Perhaps at Christ’s coming, with their sensory gifts we cannot yet fully understand, the animals in the stable knew more about the Holy Child than humans realize. In that first Christmas moment, they were able to do what only saints in heaven can do, for they gazed upon the face of God.

   “The wolf will live with the lamb, the leopard will lie down with the goat, the calf and the lion and the yearling together; and a little child will lead them” (Isaiah 11:6).

2018-12-23 - Fourth Sunday of Advent

2018-12-23 - Fourth Sunday of Advent

December 23, 2018

23 December 2018

Fourth Sunday of Advent

Luke 1:39-45 + Homily

15 Minutes 47 Seconds

Link to the Readings - USA Version

(New American Bible Revised Edition)


(from the parish bulletin)

  The darkening that comes with the year’s shortest hours of daylight is like the lowering of the lights in a theatre as the play is about to begin. But in the “Drama of Salvation” by which the human race is offered the promise of restoration to its original glory, “all the world’s a stage,” and the acts and actors are real. The creation of the world was not a mere myth, otherwise we would not be here. Nor are good and evil abstractions, for they always have had real consequences.  

   One of the most dramatic events in the progress of man, to which Saint Jude would later allude (Jude 1:7), was the destruction of Sodom and Gomorrah about 1,700 years before the birth of Christ. He knew that the story of that destruction was not the sheer theatrics of fiction. Until recently, it was convenient for some scholars to pass it off as an instructive legend. Archeologists in a symposium this past month concluded that those cities north of the Dead Sea were utterly destroyed, and their land became uninhabitable for the next six hundred years. The substantial theory is that upwards of 60,000 inhabitants were wiped out by a meteor exploding at low altitude with the force of a ten-megaton bomb, dropping platinum and molten lava on the larger area called Middle Ghor, and unleashing a temperature the same as the sun.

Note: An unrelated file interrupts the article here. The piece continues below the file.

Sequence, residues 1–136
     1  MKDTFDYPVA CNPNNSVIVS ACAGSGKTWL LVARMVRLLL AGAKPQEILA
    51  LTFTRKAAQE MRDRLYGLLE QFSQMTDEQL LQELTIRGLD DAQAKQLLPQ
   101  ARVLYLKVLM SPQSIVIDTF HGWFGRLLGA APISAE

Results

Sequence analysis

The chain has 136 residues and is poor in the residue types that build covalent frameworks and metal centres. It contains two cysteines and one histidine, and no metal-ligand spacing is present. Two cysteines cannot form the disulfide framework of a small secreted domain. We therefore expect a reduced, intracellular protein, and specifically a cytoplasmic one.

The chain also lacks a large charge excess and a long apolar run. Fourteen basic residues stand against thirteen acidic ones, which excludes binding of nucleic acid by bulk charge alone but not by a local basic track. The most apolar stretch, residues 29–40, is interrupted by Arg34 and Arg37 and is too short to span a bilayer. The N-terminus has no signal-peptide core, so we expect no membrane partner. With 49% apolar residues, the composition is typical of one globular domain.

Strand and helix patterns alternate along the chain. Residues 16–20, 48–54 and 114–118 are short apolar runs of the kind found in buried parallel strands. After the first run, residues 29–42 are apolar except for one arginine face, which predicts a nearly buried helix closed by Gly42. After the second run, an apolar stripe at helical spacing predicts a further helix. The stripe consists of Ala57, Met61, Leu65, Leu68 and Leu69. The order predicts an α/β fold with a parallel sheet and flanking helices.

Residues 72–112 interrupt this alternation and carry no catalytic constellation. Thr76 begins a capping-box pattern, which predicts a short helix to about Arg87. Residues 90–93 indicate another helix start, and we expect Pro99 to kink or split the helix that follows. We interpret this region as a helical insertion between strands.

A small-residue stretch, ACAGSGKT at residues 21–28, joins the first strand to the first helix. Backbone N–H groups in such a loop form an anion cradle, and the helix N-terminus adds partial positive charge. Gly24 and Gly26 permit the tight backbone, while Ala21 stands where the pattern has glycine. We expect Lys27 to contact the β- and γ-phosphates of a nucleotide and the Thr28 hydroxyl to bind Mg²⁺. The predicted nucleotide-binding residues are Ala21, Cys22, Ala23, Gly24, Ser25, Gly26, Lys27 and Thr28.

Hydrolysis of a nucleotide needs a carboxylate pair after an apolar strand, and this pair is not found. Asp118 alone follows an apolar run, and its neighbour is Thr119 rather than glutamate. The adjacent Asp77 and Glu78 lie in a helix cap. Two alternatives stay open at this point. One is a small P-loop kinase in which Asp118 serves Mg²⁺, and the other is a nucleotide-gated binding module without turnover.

Wise ones interpreted this as punishment for the corruption of that culture. There is a symbiosis between matter and morality. When souls are disordered, there are consequences in all creation. So it was, that at the climax of the Drama of Salvation, when Christ died on the cross, the sky grew black.